Yesterday, I finished reading Jon Del Arroz’s short story Knight Training, a small steampunk piece that’s part of his For Steam and Country universe. I won’t post these first few paragraphs at Amazon, but I feel it necessary, given the criticism I receive every time I mention Mr. Del Arroz on this blog, to say something about him, or at least how some folks perceive him.
About a year ago, another author, Jim C. Hines, wrote a scathing criticism of Del Arroz that he titled Jon Del Arroz’s History of Trolling and Harassing. I was doing some research on Del Arroz via Google and came across the missive (and it’s the only reason I became aware of Mr. Hines and his writing since he otherwise was not on my radar). If all this is true, it makes Del Arroz a pretty terrible person.
On the other hand, Del Arroz’s fellow writer Richard Paolinelli says he’s a pretty good guy. I like Richard and have no reason to doubt his word, but I must admit, I see two sides to a man who calls himself “The Leading Hispanic Voice in Science Fiction.”
For a while now, I’ve been interested in reviewing one of Del Arroz’s books or stories. I did read his contribution to the To Be Men: Stories Celebrating Masculinity anthology, which I reviewed on Amazon but apparently not on my blog. Let’s just say it wasn’t one of my favorites.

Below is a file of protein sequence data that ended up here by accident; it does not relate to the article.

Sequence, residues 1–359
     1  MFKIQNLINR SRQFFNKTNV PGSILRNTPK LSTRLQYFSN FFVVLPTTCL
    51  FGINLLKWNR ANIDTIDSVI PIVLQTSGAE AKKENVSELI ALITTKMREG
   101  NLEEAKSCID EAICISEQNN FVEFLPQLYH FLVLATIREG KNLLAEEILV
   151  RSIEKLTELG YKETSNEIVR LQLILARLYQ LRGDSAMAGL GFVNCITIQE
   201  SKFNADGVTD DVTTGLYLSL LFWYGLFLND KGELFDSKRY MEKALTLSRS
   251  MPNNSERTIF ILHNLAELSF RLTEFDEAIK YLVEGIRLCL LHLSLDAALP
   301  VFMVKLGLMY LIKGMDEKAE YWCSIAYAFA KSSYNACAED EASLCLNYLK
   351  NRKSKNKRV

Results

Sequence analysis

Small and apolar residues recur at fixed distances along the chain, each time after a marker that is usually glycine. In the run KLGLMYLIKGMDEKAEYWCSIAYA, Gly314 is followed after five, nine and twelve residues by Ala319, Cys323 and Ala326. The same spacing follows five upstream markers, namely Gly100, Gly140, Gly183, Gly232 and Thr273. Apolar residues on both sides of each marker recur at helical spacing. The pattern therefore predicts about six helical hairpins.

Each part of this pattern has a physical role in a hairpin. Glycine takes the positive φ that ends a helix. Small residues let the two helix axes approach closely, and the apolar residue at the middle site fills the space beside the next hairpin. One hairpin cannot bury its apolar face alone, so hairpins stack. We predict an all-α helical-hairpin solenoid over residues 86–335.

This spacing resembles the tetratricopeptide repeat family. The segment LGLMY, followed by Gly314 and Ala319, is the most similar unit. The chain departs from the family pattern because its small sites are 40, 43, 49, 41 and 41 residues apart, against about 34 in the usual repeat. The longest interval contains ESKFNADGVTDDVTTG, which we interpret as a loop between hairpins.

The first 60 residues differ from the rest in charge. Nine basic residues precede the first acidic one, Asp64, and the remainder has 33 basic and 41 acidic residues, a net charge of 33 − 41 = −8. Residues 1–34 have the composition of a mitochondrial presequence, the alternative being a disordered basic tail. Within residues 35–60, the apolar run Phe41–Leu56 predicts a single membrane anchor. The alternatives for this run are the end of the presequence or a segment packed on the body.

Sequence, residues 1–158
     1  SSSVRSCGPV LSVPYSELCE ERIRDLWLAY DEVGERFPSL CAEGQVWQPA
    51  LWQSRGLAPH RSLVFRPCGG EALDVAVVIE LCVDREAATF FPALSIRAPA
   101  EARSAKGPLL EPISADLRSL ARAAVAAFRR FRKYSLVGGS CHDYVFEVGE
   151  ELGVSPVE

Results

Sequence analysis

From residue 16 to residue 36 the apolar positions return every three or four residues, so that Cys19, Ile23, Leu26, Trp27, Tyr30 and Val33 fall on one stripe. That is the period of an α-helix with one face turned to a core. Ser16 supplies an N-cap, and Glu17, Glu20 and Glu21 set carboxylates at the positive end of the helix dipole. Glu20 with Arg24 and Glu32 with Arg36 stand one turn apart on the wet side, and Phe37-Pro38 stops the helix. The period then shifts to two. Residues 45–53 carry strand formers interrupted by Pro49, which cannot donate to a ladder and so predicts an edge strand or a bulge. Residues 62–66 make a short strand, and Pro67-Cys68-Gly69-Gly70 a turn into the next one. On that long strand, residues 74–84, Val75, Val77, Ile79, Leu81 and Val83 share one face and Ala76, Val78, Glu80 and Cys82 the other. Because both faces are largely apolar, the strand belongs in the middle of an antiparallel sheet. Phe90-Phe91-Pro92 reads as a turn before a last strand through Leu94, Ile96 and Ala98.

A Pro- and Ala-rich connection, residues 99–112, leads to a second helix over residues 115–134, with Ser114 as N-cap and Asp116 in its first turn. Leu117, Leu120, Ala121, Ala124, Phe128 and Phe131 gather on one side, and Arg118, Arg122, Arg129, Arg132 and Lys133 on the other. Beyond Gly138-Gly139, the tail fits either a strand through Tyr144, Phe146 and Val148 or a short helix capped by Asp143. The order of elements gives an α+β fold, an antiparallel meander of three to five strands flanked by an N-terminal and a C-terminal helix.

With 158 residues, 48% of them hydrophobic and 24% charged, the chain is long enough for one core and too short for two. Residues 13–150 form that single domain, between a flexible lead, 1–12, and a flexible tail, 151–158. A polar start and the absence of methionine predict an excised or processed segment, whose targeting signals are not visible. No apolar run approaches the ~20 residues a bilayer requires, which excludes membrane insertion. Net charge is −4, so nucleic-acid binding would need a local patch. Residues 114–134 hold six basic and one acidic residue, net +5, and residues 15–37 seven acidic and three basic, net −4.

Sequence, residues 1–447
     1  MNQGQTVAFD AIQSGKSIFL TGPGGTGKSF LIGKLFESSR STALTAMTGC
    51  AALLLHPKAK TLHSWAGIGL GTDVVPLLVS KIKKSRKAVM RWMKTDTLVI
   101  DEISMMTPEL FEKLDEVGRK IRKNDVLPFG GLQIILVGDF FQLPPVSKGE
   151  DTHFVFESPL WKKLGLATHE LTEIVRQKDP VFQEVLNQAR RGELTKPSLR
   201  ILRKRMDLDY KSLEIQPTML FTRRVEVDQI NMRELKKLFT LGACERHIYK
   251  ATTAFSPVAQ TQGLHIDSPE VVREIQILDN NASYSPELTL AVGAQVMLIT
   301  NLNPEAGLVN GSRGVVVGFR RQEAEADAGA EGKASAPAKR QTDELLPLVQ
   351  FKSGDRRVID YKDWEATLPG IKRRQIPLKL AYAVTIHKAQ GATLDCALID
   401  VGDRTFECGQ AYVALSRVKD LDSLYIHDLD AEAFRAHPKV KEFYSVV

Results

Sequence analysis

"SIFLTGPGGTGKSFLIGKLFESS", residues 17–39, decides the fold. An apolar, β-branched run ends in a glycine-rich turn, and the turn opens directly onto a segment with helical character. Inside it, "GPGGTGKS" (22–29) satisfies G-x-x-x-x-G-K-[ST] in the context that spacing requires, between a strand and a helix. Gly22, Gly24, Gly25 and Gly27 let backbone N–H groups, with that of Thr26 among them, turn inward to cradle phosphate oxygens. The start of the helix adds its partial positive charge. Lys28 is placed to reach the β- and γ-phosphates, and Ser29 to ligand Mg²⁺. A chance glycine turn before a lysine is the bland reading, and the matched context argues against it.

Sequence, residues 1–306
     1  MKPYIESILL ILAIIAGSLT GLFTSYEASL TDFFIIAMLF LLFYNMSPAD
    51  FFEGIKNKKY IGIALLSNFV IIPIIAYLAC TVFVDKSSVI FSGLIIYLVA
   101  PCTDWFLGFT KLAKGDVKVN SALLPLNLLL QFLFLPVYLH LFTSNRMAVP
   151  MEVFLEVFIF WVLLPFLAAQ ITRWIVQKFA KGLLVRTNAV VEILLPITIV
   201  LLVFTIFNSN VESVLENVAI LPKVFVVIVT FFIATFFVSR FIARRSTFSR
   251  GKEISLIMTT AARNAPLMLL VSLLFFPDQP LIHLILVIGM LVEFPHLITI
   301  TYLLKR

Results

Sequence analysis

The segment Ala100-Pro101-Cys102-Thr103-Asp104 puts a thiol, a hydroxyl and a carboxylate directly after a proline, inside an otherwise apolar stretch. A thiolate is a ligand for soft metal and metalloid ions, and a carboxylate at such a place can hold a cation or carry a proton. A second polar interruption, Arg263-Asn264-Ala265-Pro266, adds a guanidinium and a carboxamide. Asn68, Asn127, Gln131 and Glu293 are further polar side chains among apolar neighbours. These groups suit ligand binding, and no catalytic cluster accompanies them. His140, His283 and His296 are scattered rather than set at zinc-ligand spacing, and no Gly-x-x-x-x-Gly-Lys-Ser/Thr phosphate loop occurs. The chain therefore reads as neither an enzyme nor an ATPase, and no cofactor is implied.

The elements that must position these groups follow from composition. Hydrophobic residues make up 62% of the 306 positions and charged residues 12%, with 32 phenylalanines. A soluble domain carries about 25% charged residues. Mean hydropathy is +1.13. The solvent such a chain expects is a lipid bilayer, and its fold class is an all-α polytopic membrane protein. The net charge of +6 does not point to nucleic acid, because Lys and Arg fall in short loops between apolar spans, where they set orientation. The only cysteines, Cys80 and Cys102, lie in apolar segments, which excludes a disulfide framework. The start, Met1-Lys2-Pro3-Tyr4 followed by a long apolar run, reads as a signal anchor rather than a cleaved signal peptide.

However, Del Arroz said he’d provide a free download of “Knight Training” to anyone who signed up for his newsletter. So I signed up and now his short story is resting comfortably in my Kindle Fire.
I wasn’t sure what to expect when I started reading, but found his writing style comfortable and smooth. Yes, the book is short, roughly 90 pages if it were in print, but I zipped right through it.
That said, I had a hard time liking the main character James Gentry, who is an apprentice training to be a Knight (I know, not typical steampunk). It’s not that the author didn’t try to make him likable, and that’s the problem. He’s too goody-goody to seem realistic. His fellow apprentices don’t like him, and often taunt him because he’s more or less “teacher’s pet,” and unfortunately, I kind of agree with them. In fact, it seemed that the good guys were too good and the bad guys were too bad. No surprises from the characters.
While the story was easy reading, there were a few problems. I don’t blame James for making a bunch of errors in judgement since he’s a kid, but the way he’s assigned to a dangerous mission to capture a rogue knight, in the company of a journeyman and two foot soldiers, seemed pretty implausible.
There were other holes, such as how James, with an injured arm, managed to tackle a guy to the ground and come away unscathed, or how, James having revealed to the bad guys that they’d found their hideout one night, didn’t result in them escaping before the good guys could regroup and sneak back the next day. And why does a trained soldier, someone no doubt the veteran of many battles, fall asleep on guard duty…twice?
Sorry, but that’s how my mind works.
It’s a nice fantasy adventure tale on the order of Young Adult fiction, and while it is a proverbial page turner, I didn’t quite get into the world according to Del Arroz. I would recommend it for “tweens” or young teens, since that seems to be the target audience.